Cthulhu Trek– Written and Edited Les Thomas, Layout and Illustrations Cabin Campbell, 1st. Edition, 2008. Star Trek collides with Lovecraftain horror. Robert Blochʼs Lovecraft/ Star Trek connection, Jeffery Combs HPL/ ST characters. Plus Sutter Cane (sometimes spelled Kane) Star Trek Fiction (Warning: Explicit sex and violence). $4.00
—Leslie Thomas, 13th Hour Books
In the early 1930s, science fiction fandom came into being. One of the characteristics of this fandom was the strong influence of the amateur journalism movement. It wasn’t just that there were fanatical readers of pulp fiction, but they documented their love and excitement, their fan art and fan poetry and fanfiction, their discussions and feuds.
Today, we talk about fandom studies with textbooks like the Fan Fiction Studies Reader because these early ‘zines are the trace fossils of the fans themselves, most of whom are sadly gone and can no longer give us living memories of what it was like to buy the magazines off the rack, to organize the first conventions, make their own costumes at home. To carry out debates by mail, and see the wonders and terrors of the Atomic Age and Space Age and finally the Digital Age be manifest around them.
As the fans grew up, fandom grew up with them. Scholars like Brian Wilson have traced the history of rule 34 from the first nude artwork that graced the 1930s fanzines to the Star Trek slashfic written and analyzed by Joanna Russ to the internet erotica of today. Things percolated together and got profoundly, lovingly, weird. Mash-ups between different genres, different properties, entirely different fandoms came together, often just for laughs or following some singular vision of “Hey, wouldn’t this be cool?” or “Hey, wouldn’t this be hot?”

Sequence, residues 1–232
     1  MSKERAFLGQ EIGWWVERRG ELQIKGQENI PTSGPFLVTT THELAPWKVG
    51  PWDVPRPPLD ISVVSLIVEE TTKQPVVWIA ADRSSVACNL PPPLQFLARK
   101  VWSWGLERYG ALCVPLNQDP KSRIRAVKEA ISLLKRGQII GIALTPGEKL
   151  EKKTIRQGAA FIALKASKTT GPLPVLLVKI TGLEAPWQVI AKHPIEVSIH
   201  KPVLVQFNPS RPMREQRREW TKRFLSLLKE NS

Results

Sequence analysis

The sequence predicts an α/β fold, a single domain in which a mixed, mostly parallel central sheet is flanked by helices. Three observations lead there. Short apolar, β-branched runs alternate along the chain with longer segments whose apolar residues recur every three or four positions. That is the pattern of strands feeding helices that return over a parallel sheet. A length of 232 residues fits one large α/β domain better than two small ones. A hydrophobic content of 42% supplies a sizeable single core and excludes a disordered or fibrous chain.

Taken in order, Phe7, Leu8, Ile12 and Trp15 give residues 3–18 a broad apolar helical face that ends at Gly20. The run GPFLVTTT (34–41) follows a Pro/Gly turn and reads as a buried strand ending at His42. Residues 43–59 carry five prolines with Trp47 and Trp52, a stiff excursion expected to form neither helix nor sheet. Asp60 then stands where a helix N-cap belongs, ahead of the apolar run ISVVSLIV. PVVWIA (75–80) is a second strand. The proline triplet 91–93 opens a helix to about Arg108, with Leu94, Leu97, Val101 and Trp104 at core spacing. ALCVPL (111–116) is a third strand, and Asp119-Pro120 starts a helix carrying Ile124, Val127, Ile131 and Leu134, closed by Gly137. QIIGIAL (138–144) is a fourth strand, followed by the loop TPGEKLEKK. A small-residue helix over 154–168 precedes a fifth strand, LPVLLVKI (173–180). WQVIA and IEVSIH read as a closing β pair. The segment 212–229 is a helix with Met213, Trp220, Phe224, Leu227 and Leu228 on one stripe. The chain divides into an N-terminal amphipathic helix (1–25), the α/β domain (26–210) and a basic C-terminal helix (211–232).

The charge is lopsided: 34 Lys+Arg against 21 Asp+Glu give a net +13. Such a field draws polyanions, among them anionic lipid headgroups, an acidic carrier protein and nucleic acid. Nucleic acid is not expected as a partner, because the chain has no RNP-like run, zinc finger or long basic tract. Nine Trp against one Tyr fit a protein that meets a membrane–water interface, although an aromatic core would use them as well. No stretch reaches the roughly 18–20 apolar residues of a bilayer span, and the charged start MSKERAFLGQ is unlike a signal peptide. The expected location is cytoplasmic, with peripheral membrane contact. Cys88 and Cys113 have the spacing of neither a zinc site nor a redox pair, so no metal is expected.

Leslie Thomas is a fan of both Star Trek and the Cthulhu Mythos. His 2008 ‘zine Cthulhu Trek is a labor of love, an unpaginated 16-page staplebound black-and-white expression of profound and utter nerdiness—and it is, in many ways, an exemplar of what a fanzine can be: fun, scholarly by its own lights, and brimming with creativity and enthusiasm.
McCoy opened another cabinet and, from it he pulled out a small jar and handed it to Kirk. “I have to ask Jim, but did you have sex with a Yithian lately,” a slight smile crossed his kindly face as he place [sic] the alcohol back into its cabinet.
—Leslie Thomas, “Cream” in Cthulhu Trek
The first few pages of the ‘zine trace connections between Star Trek and the Mythos—principally via Robert Bloch, who wrote three episodes of the original series, and versatile actor Jeffrey Combs whose credits include multiple roles in both Star Trek series and various Lovecraftian films and adaptations, most especially the Re-Animator series, From Beyond, The Evil Clergyman, Necronomicon: Book of the Dead, and The Dunwich Horror (2009).
Like a good hoax, Thomas then transitions into fanfiction—presenting pieces of the Mythos-inflected Star Trek fiction of Sutter Kane. Of these, the bare two pages of Kirk picking up an extraterrestrial (or should that be extratemporal?) STD are perhaps the most memorable, although Chekov’s encounter with a dominatrix is certainly not something that will be forgotten in a hurry, barring blunt forced trauma to the head or the alcoholic equivalent.
Cthulhu Trek ends with the rather odd bit of trivia that Will Wheaton starred in The Curse (1987), a rarely-remembered film based on Lovecraft’s “The Colour out of Space.” Wheaton, of course, gained popularity by playing Wesley Crusher on Star Trek: The Next Generation, and if it feels weird to turn the page from Sulu in the grips of madness to a tidbit that feels straight out of the Internet Movie Database…well, it is. Like all fanzines, Cthulhu Trek is idiosyncratic, produced by one writer who was also his own editor, with Cabin Campbell as illustrator and layout artist.
Could Thomas have taken it further? Could he have produced a full-fledged erotic Star Trek/Cthulhu Mythos opus, self-published it, and reached the heights of fame that E. L. James did? Maybe. So could you. What he did instead was write and publish a funny little chapbook as a bit of amusement for himself and his fellow fans. Which is pratically the definition for what fanfiction is: the desire not just to create something inspired by some work, but to share it with others. That is what Cthulhu Trek is, ultimately; not a masturbation aid, but an endearing effort to share the love of Star Trak and the Cthulhu Mythos.
Bobby Derie is the author of Weird Talers: Essays on Robert E. Howard and Others and Sex and the Cthulhu Mythos.
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